“We know ourselves only insofar as we have been tested.”
This is a quote from a Polish poet, Wislawa Szymborska.
[The Write On The River Conference in Wenatchee this weekend features Jess Walters as a keynote speaker. I am teaching a workshop on Saturday, May 17 about situation set up in short stories, or, to make it simple, how to hook the reader with a good lead.
There are many ways to be tested, of course. Many banal. Watching your ten year old son strike out with runners on base in the bottom half of the final inning of a rec-league baseball game when his team needs two runs. What do you say? Good job, great game, you guys really tried hard – the usual pap? Maybe the usual pap is exactly what’s needed. It’s a game. Nothing more at stake than a smidgeon of personal pride. You want them to play for the love of playing and not knot up inside with anxiety just because you are knotted up. Because you remember failing in those dramatic moments as a kid. Because you wonder, if that was a test then, and your inadequacy as a human being was on display for all to see, is this a test now for your son? Is this the first kink in his knot?
Here’s a not so banal example. Three university friends in the 1970s communist Poland take part in opposition rallies. They are young. Untested. In 1977, one of the three is murdered by the communist secret police. No one is arrested for the crime. Bronislaw Wildstein, one of the three, embarks on a career in journalism and devotes his life to finding out who murdered his friend and to bringing that party to justice. Wildstein discovers that the secret police sent his circle of friends letters accusing the murdered young man of having been a secret informer. The police were playing a dangerous game. Someone was an informer, but who? The truth only emerged ten years after the breakup of communism, when the police archives were finally opened to the public. The third friend, Maleszka, was the informer responsible for the murder. For a quarter century, Maleszka had continued his double life. Now, with this knowledge, Wildstein was being tested.
What did Wildstein do? He started a list. Wildstein’s List. Wildstein published a list of everyone who had worked for the communists. The list backfired. Many of those listed turned out to be former dissidents who’d been arrested, tortured, and turned. Including Maleszka.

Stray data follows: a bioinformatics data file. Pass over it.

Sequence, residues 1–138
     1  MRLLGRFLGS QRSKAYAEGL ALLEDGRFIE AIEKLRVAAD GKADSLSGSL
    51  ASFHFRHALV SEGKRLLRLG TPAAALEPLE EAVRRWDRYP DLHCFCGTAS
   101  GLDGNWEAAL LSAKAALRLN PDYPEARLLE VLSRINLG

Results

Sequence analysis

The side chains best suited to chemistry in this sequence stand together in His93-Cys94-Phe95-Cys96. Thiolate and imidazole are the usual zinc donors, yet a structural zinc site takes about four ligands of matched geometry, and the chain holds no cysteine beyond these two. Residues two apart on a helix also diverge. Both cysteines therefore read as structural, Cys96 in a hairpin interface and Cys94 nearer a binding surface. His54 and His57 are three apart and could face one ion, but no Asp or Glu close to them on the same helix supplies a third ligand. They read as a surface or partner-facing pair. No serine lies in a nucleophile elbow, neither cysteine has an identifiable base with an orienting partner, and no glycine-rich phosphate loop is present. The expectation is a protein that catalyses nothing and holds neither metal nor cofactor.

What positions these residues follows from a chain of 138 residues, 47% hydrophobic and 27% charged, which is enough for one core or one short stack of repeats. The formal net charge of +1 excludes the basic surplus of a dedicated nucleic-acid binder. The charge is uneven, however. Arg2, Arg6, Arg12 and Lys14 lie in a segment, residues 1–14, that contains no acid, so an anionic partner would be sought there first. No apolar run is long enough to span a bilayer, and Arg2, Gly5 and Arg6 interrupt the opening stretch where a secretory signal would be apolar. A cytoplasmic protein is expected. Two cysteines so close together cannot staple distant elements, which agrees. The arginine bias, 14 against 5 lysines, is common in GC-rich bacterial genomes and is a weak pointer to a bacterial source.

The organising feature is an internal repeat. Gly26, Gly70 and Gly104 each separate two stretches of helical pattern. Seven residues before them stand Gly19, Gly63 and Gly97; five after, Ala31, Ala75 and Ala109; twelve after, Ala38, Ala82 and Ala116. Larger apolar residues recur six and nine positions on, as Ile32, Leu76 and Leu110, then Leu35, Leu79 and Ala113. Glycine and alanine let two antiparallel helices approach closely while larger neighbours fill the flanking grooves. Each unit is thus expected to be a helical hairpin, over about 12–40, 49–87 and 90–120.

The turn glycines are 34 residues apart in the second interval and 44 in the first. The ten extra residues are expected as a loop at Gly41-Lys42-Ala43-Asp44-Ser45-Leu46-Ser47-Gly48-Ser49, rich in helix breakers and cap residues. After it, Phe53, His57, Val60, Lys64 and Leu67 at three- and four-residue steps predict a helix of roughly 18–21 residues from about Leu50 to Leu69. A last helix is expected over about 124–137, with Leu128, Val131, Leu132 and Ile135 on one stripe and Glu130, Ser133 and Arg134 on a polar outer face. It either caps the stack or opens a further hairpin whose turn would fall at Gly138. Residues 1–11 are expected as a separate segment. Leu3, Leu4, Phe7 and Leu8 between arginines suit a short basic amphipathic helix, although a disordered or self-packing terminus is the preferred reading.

Last example. In my novel, Better You Go Home, one of my characters is beaten by a prison guard with a baton. Why? My character needed to face a test he could not possibly have prepared for. The novel is set in 1994, four years after the fall of the communist regime. I had listened to first person accounts of beatings and mistreatment of political prisoners. I had read much on the subject. The test my character was put to was nothing compared to what in real life many endured. Yet, when I showed my novel to a Czech scholar, she said no, that is not believable. Beatings in prison in the 1970s? Yes. Maybe still in early 1980s. But after 1990? No. Wouldn’t happen. Especially not to a foreigner. They wouldn’t touch him, she assured me. I watched a YouTube video in which a traveling foreigner a decade after the fall of communism described in graphic detail being detained and subjected to treatment that stopped just short of what happened to my character. Fiction requires asking what if. So I speculated. No Czech audience will believe in this book after this happens, I was informed. It is for American audiences. It is what they expect to see.
Does it matter that the Czech audience will not suspend their disbelief? Why does it matter to me? Could it be that I wanted to be tested? Could it be that I am like Wildstein? When asked why he started his list, Wildstein said, “I would like for my life to have some weight.” Could it be that I wanted to be tested, so that my life would have some weight?